# Confusion about open-loop op-amp comparator operation

Gold Member

## Homework Statement

Determine the output level (maximum positive or maximum negative) for each comparator in Figure 4-52. ## Homework Equations

$$A_{ol}=\frac{V_{out}}{V_{in}}$$

## The Attempt at a Solution

I am new to comparators but I thought that since all of these op-amps are open-loop configurations, the output voltages would be pinged at ±Vmax where ±Vmax is the maximum output voltage of the op-amp according to its datasheet.

So, for (a), my answer was:

$$V_{out(max)}=(A_{v(ol)})(V_{in(max)})=(A_{v(ol)})(-1V)$$

However, I was told "you don't need the open-loop gain of the amplifier. You need to compare the voltages in the noninverting input to the voltages in the inverting input, then decide the output of the comparator."

Still... I know that even a small difference between the two inputs of an op-amp without feedback can drive the device into saturation and thus the output voltage to ±Vmax.

How do I rectify what I believe to be true about comparators with what I was told by my professor?

berkeman
Mentor
Hey JJ!

Yeah, if the inputs are different by hardly anything, the output will be pinned at (or near) the supply rails. To know how close, you would need specs on the comparators themselves. In fact many comparators have an open collector output with respect to ground, which doesn't seem to be reflected in the diagram that you are given.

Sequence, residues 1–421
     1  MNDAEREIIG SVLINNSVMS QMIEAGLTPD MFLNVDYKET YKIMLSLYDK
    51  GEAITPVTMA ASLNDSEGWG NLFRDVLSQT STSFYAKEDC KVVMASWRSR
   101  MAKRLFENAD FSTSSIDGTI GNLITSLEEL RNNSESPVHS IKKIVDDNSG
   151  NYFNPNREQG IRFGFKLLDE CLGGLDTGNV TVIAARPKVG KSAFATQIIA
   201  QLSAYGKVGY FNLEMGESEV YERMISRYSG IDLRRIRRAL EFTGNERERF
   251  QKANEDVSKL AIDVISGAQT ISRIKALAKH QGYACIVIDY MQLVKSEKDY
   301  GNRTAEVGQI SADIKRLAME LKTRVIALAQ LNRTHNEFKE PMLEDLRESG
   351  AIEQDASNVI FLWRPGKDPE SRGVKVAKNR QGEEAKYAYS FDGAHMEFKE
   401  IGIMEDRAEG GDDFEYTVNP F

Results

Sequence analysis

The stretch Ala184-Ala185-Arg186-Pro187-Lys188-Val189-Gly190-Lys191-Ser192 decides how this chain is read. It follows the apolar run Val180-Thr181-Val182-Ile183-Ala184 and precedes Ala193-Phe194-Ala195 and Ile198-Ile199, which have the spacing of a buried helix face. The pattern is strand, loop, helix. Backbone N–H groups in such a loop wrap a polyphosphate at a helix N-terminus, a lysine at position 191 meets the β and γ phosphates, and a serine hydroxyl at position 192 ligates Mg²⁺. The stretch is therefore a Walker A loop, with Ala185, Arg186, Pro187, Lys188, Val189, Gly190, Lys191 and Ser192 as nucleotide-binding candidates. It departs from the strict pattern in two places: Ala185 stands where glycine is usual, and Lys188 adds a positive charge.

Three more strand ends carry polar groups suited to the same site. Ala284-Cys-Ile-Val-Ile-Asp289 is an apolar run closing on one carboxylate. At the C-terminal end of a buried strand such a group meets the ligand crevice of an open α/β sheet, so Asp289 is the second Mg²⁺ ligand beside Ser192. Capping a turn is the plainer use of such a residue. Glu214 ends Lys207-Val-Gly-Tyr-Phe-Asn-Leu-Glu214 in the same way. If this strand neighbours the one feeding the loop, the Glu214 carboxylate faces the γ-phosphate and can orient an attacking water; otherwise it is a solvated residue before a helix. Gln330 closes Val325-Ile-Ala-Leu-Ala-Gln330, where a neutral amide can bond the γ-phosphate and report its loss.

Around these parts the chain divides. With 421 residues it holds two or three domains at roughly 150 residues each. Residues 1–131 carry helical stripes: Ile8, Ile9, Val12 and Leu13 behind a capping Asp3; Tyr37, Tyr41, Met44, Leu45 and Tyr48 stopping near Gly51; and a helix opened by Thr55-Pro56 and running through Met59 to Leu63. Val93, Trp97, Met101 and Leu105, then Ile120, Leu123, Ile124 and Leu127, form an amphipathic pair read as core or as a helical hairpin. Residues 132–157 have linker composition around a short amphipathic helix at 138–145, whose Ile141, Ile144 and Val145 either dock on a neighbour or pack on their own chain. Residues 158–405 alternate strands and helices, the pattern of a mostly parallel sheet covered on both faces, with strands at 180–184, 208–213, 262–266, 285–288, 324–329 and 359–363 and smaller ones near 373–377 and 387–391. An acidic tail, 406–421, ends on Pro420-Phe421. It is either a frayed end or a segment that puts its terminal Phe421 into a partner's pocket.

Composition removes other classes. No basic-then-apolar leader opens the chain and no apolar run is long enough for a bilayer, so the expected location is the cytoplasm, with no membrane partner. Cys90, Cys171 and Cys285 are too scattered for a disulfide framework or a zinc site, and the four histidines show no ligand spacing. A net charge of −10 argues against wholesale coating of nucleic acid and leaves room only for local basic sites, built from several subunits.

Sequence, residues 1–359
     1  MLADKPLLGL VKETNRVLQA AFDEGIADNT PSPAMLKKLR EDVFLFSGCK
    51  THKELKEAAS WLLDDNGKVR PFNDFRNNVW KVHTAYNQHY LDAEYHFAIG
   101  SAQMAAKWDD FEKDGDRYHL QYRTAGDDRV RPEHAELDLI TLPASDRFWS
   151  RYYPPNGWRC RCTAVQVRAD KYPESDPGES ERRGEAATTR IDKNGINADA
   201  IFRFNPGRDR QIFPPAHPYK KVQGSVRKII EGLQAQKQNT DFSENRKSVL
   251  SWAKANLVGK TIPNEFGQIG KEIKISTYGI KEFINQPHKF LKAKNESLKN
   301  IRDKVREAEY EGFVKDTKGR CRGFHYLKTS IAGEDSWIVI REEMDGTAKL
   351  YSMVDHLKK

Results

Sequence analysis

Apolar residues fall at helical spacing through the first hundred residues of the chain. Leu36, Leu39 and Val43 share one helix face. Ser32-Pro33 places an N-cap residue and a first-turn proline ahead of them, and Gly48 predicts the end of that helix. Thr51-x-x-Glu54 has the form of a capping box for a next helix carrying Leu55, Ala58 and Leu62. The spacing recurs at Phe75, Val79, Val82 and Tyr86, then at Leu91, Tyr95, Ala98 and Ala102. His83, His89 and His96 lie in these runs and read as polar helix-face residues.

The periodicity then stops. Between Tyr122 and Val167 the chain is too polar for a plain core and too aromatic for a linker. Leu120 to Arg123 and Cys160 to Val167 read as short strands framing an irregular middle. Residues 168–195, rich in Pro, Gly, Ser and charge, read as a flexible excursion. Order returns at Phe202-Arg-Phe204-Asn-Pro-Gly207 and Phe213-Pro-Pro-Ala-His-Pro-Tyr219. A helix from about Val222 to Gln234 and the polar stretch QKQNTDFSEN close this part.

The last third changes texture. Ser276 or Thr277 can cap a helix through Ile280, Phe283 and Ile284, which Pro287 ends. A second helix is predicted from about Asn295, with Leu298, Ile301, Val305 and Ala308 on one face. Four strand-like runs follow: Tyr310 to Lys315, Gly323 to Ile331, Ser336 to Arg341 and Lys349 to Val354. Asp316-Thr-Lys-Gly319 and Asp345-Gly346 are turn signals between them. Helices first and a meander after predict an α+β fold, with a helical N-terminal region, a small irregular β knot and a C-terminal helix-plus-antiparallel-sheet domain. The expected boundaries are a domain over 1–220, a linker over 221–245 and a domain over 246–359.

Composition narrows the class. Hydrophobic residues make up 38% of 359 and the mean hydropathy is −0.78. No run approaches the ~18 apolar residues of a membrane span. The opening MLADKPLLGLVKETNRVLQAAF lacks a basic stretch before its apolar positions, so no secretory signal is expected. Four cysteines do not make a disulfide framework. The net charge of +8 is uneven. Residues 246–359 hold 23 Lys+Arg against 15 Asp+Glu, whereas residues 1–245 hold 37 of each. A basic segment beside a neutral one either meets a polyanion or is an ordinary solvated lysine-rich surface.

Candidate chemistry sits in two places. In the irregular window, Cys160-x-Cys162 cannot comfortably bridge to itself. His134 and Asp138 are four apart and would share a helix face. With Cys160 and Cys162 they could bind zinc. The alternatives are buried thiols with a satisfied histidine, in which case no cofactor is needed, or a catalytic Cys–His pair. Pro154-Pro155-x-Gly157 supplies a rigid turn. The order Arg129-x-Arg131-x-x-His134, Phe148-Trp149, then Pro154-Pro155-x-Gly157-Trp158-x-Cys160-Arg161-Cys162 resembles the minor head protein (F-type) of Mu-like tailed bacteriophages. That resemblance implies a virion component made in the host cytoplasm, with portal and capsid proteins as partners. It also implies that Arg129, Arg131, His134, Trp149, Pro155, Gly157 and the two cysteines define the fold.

So my guess is that you are just supposed to say which rail the output is pinned at for each of the 3 configurations...?

Gold Member
...many comparators have an open collector output with respect to ground, which doesn't seem to be reflected in the diagram that you are given.

So my guess is that you are just supposed to say which rail the output is pinned at for each of the 3 configurations...?

Hi berkeman. Thanks again for your input. I'm nearing the end of my B.S. and I sort of took this op-amps course out of order. Going from control systems to this is a backwards transition to say the least.

I think what the professor is looking for in terms of the "correct" answer is (a) -Vout(max), (b) +Vout(max) and (c) -Vout(max).

Too bad I can't see inside the black box that is the op-amp. Is internal op-amp design a Master's level course or can I find it somewhere at the B.S. level? The other thing is that we linearize everything. Heaven forbid we would have messy integrals to deal with!

berkeman
Mentor